The atmosphere has been shifting into a different configuration the past week, and during the next few days a major transition will occur, with persistent strong troughing (low pressure) over the Northwest. It will bring large amounts of rain to our mountains, knock back and end some of the fires, and allow firefighters to gain control of the situation for Cascade Mountain fires. It will bring substantial water to reservoirs that have dropped to extremely low levels.
Want to be impressed? Here is the forecast precipitation over the next 72h, 1-2 inches over that period for much of western Washington and the north Cascades.
The next 72h? As much or more over Washington's mountains. The BC Cascades get hammered with 2-5 inches.
Want to see a close-in view of WA precipitation for the 72h ending 5 AM Sunday? The north Cascades and western slopes of the Cascades get hit very hard. This will have a HUGE impact on the fires along the eastern slopes of the Cascades. Much of the Okanogan region will enjoy several tenths of an inch.
These storms should have a profoundly positive impact for the Cascade fires. There will be less rain over the Okanogan area and winds will pick up there (which is not good). On the other hand, temperature will fall and humidity will rise over NE Washington.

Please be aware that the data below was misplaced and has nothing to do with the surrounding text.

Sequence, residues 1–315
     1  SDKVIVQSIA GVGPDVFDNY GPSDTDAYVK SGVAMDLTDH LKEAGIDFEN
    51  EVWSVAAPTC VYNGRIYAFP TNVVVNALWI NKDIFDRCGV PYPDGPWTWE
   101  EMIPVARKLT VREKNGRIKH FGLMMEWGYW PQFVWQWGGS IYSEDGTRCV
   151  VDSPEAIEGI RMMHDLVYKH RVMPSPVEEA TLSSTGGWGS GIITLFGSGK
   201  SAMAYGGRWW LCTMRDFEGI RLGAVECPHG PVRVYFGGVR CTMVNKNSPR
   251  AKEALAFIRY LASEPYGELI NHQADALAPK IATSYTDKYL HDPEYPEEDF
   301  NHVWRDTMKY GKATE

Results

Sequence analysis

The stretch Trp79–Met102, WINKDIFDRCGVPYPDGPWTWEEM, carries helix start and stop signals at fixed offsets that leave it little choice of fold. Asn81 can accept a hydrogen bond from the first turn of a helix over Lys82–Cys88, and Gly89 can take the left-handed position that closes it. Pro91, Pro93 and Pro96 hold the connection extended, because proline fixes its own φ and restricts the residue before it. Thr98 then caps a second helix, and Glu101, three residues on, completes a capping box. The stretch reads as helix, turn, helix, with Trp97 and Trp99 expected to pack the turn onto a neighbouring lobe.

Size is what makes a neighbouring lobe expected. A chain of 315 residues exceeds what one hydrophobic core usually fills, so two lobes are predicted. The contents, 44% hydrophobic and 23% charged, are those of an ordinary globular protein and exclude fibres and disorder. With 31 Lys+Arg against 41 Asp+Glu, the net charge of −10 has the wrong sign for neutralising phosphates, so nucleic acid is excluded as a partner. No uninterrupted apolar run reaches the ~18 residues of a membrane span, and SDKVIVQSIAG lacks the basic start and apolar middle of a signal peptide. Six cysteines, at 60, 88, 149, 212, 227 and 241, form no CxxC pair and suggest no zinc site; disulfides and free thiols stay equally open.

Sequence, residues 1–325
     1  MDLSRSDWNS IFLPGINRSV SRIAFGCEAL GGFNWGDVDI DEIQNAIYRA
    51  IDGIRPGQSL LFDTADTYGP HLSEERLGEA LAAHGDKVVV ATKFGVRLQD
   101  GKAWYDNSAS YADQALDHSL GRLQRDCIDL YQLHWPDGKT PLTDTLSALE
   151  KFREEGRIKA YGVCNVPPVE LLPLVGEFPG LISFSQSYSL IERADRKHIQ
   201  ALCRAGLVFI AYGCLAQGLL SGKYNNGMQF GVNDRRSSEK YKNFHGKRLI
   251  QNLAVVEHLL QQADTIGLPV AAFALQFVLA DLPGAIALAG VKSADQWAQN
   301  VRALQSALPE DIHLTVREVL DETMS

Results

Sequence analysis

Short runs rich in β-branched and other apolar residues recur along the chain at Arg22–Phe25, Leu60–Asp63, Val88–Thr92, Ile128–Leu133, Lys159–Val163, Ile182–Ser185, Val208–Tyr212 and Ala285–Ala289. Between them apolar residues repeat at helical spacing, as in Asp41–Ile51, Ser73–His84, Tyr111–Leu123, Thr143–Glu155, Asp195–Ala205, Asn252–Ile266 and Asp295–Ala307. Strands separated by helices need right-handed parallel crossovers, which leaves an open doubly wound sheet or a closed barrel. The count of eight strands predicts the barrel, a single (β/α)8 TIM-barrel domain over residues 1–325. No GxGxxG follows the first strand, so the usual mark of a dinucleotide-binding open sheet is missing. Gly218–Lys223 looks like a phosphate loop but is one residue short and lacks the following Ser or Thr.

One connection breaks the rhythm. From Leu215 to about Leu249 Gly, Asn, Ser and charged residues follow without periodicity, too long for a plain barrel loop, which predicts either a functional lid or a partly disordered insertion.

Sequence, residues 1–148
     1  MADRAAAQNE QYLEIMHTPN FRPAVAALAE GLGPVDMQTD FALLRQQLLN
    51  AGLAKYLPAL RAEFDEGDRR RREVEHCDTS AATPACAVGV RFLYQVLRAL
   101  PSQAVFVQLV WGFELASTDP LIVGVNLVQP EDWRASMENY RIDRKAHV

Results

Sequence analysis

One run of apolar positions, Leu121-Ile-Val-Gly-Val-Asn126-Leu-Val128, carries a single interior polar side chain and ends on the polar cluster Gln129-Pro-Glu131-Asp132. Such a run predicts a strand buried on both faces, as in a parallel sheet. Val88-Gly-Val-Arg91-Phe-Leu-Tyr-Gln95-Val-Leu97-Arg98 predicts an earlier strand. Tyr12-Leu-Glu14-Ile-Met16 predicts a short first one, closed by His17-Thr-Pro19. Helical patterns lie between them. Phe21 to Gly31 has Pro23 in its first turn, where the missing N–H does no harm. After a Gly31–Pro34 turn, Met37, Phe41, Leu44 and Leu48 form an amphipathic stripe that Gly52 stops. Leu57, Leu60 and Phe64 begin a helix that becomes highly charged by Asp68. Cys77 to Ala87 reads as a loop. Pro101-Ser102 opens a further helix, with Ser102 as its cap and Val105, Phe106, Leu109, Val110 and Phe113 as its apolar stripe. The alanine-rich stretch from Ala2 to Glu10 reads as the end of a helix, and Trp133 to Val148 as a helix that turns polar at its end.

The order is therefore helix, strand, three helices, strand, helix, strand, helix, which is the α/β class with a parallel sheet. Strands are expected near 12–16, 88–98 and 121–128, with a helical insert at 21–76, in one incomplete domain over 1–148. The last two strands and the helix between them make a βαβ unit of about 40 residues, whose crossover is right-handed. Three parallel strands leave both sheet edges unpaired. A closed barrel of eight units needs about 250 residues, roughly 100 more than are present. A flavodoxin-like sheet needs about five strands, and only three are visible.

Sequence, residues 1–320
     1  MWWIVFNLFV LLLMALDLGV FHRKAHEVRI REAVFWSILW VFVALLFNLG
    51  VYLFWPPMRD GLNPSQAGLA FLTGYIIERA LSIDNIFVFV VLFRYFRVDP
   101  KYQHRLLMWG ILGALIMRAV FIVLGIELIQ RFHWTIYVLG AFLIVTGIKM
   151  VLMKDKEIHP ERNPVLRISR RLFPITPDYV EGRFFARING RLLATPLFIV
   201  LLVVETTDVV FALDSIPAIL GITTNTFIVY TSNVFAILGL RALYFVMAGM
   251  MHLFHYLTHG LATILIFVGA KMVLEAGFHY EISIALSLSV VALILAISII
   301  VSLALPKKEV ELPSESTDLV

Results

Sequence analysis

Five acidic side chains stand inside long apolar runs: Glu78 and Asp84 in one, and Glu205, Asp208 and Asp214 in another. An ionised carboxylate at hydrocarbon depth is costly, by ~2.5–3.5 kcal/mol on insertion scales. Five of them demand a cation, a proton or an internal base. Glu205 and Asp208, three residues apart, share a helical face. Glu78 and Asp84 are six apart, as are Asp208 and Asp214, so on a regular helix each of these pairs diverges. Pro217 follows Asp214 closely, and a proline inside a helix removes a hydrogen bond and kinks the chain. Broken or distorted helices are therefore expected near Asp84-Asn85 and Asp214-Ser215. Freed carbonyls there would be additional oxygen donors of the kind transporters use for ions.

So what is going on? The persistent ridge that has given us warm temperatures and little precipitation has been shifting far out into the Pacific, leaving a series of troughs over the Pacific Northwest. To illustrate, let me show you the upper level (500-hPa) maps for several times for this weekend and next week.
Saturday morning: trough over the eastern Pacific and big ridge to the west.
Wednesday afternoon, the trough has strengthened.
This change is not a one-day affair. That is why it is so important. It will end a chapter in this summer's fire season. The latest NWS Climate Prediction Center's 6-10 day forecasts? Much cooler than normal over the western U.S., with above-normal precipitation over the Northwest.
Fall is not here and eventually warmer conditions will return, but this will be the big break that many were waiting for--and expecting. The strengthening El Nino is disturbing the atmospheric circulation in a way that is weakening the crazy-persistent West Coast ridge. As I will explain in a future blog: Godzilla El Nino will kill the BLOB.
Finally, I should note that the requests for water conservation have had a big impact here in Seattle, as shown by the accompanying graphs, folks are using less water and the reservoir levels have stabilized. There will be some refilling during the next week.